Donald Berwick, the rationing advocate President Barack Obama appointed to implement ObamaCare and head the Centers for Medicare and Medicaid Services, will finally testify before Congress.
Berwick is slated to appear before the Senate Finance Committee on Wednesday morning — months after lawmakers began a concerted effort to get him to answer tough questions about the new government-run health care scheme.
Obama used a recess appoint to put Berwick in place after Senate Republicans objected to his nomination and successfully prevented Democrats from obtaining the 60 votes they needed to shut off debate and cast a vote on his nomination.
Sen. Orrin Hatch, a Utah Republican, said at the time the hearing was announced last week, “There are a lot of questions that he’ll need to answer next week.”
Tony Perkins, the president of the Family Research Council, calls Berwick “the most important man that you’ve never heard of” and he called on lawmakers to ask about “his radical plans for health care.”
“Berwick, who the President entrusted with $962 billion dollars, heads up the Centers of Medicare and Medicaid–a job he was never approved by Congress to do,” he said. “Instead, the White House, sensing that his pro-euthanasia socialist views would pose problems even for his own party, made Berwick a recess appointment.”
Perkins wants members of the Senate panel to ask about Berwick’s “fondness for rationing and death panels.”
The appearance is Berwick’s first before Congress since Obama appointed him administrator in July. Berwick was asked to testify by Sen. Max Baucus (D-MT), chairman of the Senate Finance Committee and he is not yet slated to appear in the House, where Democrats will cede control of the chamber in January to Republicans.
Recess appointees can serve in their position until the end of the congressional term following the year of their appointment. That means Berwick will hold the influential position until late 2011 unless the Senate officially approves his nomination before then, which is now highly unlikely.
Berwick is an outspoken admirer of the British National Health Service and its rationing arm, the National Institute for Clinical Effectiveness (NICE).
During a 2008 speech to British physicians, Berwick said “I am romantic about the National Health Service. I love it,” and calling it “generous, hopeful, confident, joyous, and just.”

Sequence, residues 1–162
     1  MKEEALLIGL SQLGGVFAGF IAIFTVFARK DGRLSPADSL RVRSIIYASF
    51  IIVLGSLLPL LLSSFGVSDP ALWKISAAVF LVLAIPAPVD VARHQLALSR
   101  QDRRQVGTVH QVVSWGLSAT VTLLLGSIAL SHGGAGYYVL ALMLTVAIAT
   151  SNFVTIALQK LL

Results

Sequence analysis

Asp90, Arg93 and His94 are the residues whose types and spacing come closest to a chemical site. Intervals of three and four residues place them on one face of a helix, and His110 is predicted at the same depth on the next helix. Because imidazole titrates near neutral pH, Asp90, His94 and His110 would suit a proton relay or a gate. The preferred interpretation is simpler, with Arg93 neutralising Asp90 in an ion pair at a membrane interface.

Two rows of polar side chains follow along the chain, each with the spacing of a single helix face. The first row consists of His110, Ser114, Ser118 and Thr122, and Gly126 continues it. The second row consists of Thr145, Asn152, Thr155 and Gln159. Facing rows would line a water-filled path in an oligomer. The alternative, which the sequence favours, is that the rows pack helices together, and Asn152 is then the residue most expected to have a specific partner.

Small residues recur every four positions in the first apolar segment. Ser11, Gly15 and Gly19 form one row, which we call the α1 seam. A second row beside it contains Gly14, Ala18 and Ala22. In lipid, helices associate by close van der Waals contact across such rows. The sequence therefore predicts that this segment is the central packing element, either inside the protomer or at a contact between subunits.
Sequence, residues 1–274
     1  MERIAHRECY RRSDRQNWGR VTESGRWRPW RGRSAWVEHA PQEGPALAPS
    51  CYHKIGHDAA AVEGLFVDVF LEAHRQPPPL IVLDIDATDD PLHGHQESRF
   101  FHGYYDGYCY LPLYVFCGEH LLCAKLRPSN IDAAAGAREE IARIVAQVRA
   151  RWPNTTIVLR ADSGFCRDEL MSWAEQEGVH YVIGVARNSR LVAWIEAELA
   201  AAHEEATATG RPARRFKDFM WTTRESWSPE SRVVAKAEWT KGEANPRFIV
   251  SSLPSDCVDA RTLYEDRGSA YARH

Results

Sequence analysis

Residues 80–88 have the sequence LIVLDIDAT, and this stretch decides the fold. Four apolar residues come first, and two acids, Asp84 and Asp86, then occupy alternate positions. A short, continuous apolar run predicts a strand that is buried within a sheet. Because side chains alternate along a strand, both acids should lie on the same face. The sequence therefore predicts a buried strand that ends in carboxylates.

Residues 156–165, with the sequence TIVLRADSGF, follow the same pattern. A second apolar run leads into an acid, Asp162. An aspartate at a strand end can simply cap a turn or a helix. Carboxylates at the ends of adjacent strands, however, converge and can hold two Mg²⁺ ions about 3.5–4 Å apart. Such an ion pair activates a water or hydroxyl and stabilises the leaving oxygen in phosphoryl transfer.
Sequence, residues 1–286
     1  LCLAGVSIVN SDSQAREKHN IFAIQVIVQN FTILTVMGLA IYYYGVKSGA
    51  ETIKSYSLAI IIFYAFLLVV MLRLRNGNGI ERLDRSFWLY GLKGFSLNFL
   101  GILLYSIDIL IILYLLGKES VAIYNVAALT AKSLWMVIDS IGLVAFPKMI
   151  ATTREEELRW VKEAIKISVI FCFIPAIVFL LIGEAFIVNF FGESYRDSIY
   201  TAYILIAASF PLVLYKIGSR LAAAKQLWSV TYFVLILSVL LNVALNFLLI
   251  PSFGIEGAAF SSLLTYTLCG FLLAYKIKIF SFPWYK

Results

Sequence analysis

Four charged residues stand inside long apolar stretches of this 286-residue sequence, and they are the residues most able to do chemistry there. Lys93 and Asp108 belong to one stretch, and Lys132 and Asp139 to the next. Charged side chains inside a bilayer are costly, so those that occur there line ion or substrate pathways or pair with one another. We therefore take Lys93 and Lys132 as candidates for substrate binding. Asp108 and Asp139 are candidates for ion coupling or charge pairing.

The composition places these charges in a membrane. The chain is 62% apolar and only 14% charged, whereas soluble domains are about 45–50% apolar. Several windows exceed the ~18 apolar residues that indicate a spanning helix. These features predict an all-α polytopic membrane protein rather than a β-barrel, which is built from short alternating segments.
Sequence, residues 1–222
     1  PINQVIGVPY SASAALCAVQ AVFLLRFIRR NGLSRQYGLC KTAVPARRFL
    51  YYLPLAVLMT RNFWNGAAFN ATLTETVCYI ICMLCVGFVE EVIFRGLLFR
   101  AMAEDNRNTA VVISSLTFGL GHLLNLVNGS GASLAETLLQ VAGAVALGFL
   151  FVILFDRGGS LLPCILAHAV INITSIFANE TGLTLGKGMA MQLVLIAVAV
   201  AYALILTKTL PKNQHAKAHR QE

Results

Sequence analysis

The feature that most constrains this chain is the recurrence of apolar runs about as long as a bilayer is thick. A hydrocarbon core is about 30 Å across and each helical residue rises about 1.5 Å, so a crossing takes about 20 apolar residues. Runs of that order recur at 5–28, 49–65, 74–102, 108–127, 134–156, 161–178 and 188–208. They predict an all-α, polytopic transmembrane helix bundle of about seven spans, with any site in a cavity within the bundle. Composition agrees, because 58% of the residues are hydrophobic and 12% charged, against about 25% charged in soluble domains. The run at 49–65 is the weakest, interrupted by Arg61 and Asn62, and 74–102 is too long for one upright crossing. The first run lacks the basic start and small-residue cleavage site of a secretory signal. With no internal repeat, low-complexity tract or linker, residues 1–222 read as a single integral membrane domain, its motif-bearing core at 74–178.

Michael Tanner, a senior fellow at the Cato Institute, wrote about the problems with Berwick in an opinion column at the Daily Caller in May.
Recalling that opponents of the government-run health care bill were blasted for bringing up “death panels,” Tanner writes: “But if President Obama wanted to keep a lid on that particular controversy, he just selected about the worst possible nominee.”
In his comments lauding the British health care system, Tanner says “Berwick was referring to a British health care system where 750,000 patients are awaiting admission to NHS hospitals.”
“The government’s official target for diagnostic testing was a wait of no more than 18 weeks by 2008. The reality doesn’t come close. The latest estimates suggest that for most specialties, only 30 to 50 percent of patients are treated within 18 weeks. For trauma and orthopedics patients, the figure is only 20 percent,” he writes.
“Overall, more than half of British patients wait more than 18 weeks for care. Every year, 50,000 surgeries are canceled because patients become too sick on the waiting list to proceed,’ he continues.
“The one thing the NHS is good at is saving money. After all, it is far cheaper to let the sick die than to provide care,” Tanner adds.
NICE is at the forefront of the rationing in the British health care system.
“It acts as a comparative-effectiveness tool for NHS, comparing various treatments and determining whether the benefits the patient receives, such as prolonged life, are cost-efficient for the government,” Tanner explains. “NICE, however, is not simply a government agency that helps bureaucrats decide if one treatment is better than another. With the creation of NICE, the U.K. government has effectively put a dollar amount to how much a citizen’s life is worth.”
Tanner points out that Berwick has already admitted health care rationing is coming.
“It’s not a question of whether we will ration care,” the Obama nominee said in a magazine interview for Biotechnology Healthcare, “It is whether we will ration with our eyes open.”
Liberal writer Nat Hentoff has also criticized Berwick’s views.